Blessings to you and your writing,

    Thank you for your writing. Being still is very hard for me as I am a caretaker for my husband 24/7. Daily living has become harder, and I find myself frustrated, angry and alone. The scripture verse that you chose is very appropriate; all I need to do now is to believe that.

    Thank you for “The Red Chair” devotional Kenn. Nova Scotia has been on our bucket list, but unfortunately, we have never made it to your lovely part of the world. The Red Chair is an apt example of what we should do with our lives… even without a Red Chair. Your devotional takes it one step further, a big step, and it is appreciated.

    Dear Kenn:
    I really enjoyed your devotional today. And I had never seen a Merganser before – so that was fun to look up!

    Thanks! Lovely reminder that we don’t have to be constantly rushing and doing.
    My garden and flowers take me to a special place of gratitude. We also have many walks in nature and opportunities to be by the sea nearby.
    Thanks again.
    Blessings to you,
    (B. C.)

    Greetings Kenn,
    Many thanks for your methodical devotional today. Yes, it is always a peaceful feeling to take time out to just sit and quietly reflect on God’s creation. However, for us at this present time here in B.C. where we are engulfed in smoke from surrounding forest fires it is better to stay indoors. This definitely does not deter us from taking time to “be still” and sit with our Bible and praise our Lord for His care and protection throughout this precarious situation. Blessings for your very thoughtful writings.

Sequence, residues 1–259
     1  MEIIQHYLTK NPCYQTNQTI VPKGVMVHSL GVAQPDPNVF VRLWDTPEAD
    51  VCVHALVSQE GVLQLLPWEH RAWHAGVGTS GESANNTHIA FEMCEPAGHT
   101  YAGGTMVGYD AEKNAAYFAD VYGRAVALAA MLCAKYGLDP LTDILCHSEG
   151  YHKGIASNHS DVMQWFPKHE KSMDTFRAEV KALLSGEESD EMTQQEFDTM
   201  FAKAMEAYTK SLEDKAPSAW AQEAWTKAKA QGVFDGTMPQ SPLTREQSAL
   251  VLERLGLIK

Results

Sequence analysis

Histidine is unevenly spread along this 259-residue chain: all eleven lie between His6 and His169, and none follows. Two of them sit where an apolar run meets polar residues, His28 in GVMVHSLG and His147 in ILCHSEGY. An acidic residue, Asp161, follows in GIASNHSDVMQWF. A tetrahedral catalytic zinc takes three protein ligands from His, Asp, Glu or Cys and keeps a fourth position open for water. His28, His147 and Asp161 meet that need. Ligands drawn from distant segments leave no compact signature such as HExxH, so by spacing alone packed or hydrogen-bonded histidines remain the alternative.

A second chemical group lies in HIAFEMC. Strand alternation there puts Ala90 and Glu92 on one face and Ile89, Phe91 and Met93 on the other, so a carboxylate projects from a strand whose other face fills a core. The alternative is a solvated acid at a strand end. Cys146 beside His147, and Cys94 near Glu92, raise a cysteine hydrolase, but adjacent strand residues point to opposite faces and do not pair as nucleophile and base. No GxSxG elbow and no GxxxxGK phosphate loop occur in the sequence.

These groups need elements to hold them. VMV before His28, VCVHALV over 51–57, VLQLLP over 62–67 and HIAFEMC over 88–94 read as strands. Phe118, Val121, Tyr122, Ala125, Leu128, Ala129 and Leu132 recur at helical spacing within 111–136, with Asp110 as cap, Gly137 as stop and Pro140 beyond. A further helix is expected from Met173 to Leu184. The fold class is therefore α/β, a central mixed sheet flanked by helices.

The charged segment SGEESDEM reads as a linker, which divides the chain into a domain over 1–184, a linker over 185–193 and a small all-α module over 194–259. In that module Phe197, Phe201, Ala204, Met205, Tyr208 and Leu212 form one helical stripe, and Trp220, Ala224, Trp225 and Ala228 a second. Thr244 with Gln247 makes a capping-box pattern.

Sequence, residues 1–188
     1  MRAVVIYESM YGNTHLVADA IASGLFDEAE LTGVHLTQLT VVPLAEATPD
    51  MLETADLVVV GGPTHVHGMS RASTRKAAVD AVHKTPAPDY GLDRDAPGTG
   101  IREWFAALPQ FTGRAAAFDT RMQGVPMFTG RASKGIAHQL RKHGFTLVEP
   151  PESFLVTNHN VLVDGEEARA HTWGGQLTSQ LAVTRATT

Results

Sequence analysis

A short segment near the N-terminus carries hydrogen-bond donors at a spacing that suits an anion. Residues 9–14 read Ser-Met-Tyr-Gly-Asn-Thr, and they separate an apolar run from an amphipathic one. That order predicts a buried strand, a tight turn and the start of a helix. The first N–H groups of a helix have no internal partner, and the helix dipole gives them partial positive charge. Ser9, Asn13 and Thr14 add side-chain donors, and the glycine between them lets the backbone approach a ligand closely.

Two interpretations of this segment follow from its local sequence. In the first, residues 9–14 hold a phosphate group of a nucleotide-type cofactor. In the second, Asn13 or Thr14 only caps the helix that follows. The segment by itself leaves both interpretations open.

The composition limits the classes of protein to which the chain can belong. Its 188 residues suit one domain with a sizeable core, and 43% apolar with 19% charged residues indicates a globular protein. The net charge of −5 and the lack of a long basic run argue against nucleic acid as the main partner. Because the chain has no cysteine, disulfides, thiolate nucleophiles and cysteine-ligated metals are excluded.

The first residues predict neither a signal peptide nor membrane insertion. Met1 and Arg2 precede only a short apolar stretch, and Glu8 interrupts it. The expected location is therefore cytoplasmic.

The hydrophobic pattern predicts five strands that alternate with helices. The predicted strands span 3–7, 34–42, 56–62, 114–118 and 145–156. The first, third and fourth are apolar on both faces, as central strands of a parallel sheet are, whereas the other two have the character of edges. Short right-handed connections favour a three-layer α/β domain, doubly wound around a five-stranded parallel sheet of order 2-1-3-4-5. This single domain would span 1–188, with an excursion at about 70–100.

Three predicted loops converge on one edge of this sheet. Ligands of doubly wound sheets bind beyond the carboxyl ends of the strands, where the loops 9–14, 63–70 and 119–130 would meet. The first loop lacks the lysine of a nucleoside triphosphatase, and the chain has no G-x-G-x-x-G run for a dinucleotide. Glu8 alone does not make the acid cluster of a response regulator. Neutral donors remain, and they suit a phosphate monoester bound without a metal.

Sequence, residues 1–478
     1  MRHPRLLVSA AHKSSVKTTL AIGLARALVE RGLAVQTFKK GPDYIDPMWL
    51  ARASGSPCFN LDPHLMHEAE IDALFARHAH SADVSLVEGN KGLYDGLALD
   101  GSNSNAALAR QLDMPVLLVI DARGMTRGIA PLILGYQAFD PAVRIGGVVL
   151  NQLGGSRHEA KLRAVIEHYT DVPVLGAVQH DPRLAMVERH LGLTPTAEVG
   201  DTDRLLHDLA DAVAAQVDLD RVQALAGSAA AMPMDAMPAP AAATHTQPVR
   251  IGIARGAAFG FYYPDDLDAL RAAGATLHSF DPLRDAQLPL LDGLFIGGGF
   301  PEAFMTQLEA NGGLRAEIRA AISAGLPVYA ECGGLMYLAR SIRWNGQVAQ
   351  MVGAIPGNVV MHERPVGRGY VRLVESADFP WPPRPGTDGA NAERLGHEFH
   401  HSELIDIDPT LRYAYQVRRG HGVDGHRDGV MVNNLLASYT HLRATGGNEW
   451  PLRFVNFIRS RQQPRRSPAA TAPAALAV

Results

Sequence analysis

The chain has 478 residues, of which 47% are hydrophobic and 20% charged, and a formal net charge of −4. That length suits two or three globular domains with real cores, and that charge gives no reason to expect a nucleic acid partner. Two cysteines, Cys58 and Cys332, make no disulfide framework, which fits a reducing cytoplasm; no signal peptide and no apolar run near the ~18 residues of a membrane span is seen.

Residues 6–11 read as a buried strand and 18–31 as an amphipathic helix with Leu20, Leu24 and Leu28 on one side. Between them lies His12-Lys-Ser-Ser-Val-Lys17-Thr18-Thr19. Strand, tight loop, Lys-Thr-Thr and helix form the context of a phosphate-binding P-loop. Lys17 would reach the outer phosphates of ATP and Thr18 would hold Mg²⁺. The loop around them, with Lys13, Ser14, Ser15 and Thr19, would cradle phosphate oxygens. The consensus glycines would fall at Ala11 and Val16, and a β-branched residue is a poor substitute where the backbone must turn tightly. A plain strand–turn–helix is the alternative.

Good morning Kenn,
    That is a wonderful initiative that Nova Scotia has done. I didn’t know about this but think it is a wonderful idea. I love how you made one of my favourite Bible verses into a simple prayer. I use this verse to calm and feel God’s comfort when I am upset, angry or not feeling well. It works amazingly telling me that I am not in control, but God is, and he wants the best for me. Thanks for once again sharing your thoughts and ideas so that we can all benefit and learn and grow our faith. Being retired, gives me more time to enjoy God’s World around me and to try to build a more sustainable future for this world. I hope that many people will think about their footprint and work to make it smaller and smaller. May God grant you many blessings.

    Your message has encouraged me to re-focus my heart on God’s dominion. Every morning I wake with a heavy and fearful heart because of what is happening to USA and the struggle to keep us a free republic. I don’t know what the Canadian news media is reporting, but we are nearer now than ever in recent memory to losing it.
    One morning in our Sunday morning bible class, before the pandemic, our teacher – who is a seminary and life educated ordained pastor – was asked if the U.S. can survive. His answer will always stay with me:
    “The U.S. might not survive, but WE will survive. I’ve read the Book. I know how the story ends.” And then he smiled.
    His point was that God always retains a remnant of believers. God’s plan. Not man’s plan.
    So, I will be faithful to God’s admonition to
    Be Still and Know that I am God
    Be Still and Know
    Be Still

    Hello Kenn
    I found your article helpful particularly the break up of the sentence from the Psalm.
    I trust you are enjoying this chapter of your life in the East Coast.